Malaria remains a leading killer of children under 5 years old in many countries around the world. CHAI works closely with governments to scale up proven interventions and improve the effectiveness of malaria programs so children no longer die from this preventable and treatable disease. CHAI believes malaria elimination is possible, and is working with partners around the world towards achieving this goal.

The Issue

Each year, over 400,000 people – mostly children under 5 years old – will die of malaria, a preventable and treatable disease, and more than 200 million will become sick. The previous decade has seen rapid growth in global funding for malaria programs, but with more than 3.2 billion people at risk for malaria around the world, improvements in programmatic efficiency will be required to maintain and extend recent gains.

The Approach

CHAI works with governments around the globe to scale up effective interventions for prevention, diagnosis, treatment, and surveillance of malaria. CHAI believes malaria elimination in many regions of the world is possible today with existing tools, but achieving it will require more efficient use of available resources, unwavering political commitment, and targeted and tailored strategies.

The Issue

Over the past decade, dramatic increases in donor funding have facilitated scale-up of effective interventions to prevent, diagnose, and treat malaria. While this investment has successfully reduced the burden of malaria in many settings, and some countries have even begun planning to eliminate malaria altogether, these gains are incomplete and fragile. Each year, over 400,000 people – mostly children under 5 years old – will die of this preventable, treatable disease and 200 million will become sick. The previous decade’s rapid growth in global funding has provided malaria programs with effective tools, but resources remain well below what would be required to protect the 3.2 billion people at risk of malaria globally. Meanwhile, the risk of a devastating resurgence in disease is ever present.


Since 2007, CHAI has provided direct management and technical support to governments around the globe to assist them in scaling up effective interventions for prevention, diagnosis, treatment, and surveillance. This work includes devising context-adapted, resource optimized plans; supporting efficient execution of targeted interventions; and accelerating progress towards malaria elimination. CHAI believes malaria elimination is possible with currently available tools throughout much of the world today, but it will require substantial investment in improving systems to identify where where transmission is occurring, how parasites are moving, and what packages of interventions are most cost-efficient and sustainable for specific contexts.

While working toward eventual elimination in all contexts, CHAI assists some of the countries with the highest malaria burdens in the world to procure and distribute affordable, effective drugs and improve the efficiency with which they implement preventative interventions. CHAI supports countries with moderate or evolving malaria burdens to scale up access to diagnostic testing to ensure limited resources are used effectively, and to target interventions to where they are truly needed. In lower burden countries in Central America, Southern Africa, and Southeast Asia, CHAI works to strengthen surveillance activities and devise new strategies for ending malaria transmission permanently.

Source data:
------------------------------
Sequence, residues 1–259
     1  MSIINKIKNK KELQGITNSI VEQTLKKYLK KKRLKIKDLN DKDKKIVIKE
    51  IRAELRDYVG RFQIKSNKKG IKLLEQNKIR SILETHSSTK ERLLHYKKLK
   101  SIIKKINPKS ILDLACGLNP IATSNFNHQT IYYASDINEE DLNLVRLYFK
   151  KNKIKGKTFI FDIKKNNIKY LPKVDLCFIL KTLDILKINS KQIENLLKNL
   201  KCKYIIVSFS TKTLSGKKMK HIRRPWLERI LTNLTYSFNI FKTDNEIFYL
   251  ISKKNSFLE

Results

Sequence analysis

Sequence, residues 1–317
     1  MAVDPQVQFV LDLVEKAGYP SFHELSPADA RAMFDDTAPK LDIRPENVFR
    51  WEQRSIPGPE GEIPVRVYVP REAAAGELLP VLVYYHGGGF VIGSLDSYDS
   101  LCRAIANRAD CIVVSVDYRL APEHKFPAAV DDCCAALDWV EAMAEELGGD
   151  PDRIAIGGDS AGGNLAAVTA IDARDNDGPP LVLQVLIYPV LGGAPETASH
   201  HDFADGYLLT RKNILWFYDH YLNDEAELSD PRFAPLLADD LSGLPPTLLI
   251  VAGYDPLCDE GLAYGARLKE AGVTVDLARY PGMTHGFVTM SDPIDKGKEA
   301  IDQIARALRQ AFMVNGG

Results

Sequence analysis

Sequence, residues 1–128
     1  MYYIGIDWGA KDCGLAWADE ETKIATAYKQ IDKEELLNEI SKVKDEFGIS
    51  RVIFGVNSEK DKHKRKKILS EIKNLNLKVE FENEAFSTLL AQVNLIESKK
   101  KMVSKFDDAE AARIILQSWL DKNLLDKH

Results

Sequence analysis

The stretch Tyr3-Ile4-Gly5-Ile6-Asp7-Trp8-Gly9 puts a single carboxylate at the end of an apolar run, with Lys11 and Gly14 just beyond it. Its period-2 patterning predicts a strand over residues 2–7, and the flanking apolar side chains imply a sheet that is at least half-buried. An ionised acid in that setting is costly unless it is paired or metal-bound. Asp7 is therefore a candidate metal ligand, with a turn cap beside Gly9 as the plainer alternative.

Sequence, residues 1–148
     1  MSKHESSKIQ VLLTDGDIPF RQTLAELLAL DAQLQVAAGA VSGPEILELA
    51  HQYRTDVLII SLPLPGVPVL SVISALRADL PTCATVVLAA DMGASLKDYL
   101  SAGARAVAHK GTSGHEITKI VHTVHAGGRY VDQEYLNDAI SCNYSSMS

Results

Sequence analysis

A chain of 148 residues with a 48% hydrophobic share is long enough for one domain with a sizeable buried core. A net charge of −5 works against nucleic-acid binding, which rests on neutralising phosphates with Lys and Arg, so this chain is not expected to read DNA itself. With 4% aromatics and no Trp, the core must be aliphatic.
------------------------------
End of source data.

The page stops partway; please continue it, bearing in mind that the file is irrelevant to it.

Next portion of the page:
CHAI is currently providing operational and management support to improve the effectiveness of malaria programs in Botswana, Cambodia, the Dominican Republic, Ethiopia, Guatemala, Haiti, Honduras, Kenya, Laos, Mozambique, Myanmar, Namibia, Nigeria, Panama, Rwanda, South Africa, Swaziland, Tanzania, Uganda, Vietnam, and Zimbabwe.


CHAI-supported successes have included:

  • 13.7 million vials of injectable artesunate, the World Health Organization-recommended first-line treatment for severe malaria, were ordered for CHAI focal countries in 2015, allowing over 2.1 million severe malaria patients to be treated with the best available medicine and averting 52,000 deaths compared to previously used treatments
  • Extended price agreements with manufacturers and importers, and continued implementation of demand generation campaigns, leading to sales of 1.1 million rapid diagnostic tests in 2015
  • Piloting methods for increasing the availability of diagnostic testing in Tanzania including training of 830 healthcare providers from 521 private health facilities in eight regions, which has the potential to reduce unnecessary ACT use by millions of treatments
  • Supporting the government of Swaziland to reach an all-time low malaria incidence of 72 locally acquired cases in 2015-2016, down from over 7,000 in 2008
  • Assisting Namibia to dramatically improve testing and reporting of malaria and reduce malaria to under 12,000 malaria cases in 2015, down from a reported 560,000 in 2004
  • Preventing approximately 20,000 children from becoming sick with malaria in northern Nigeria through seasonal distribution of prophylactic drugs during the 2014 malaria season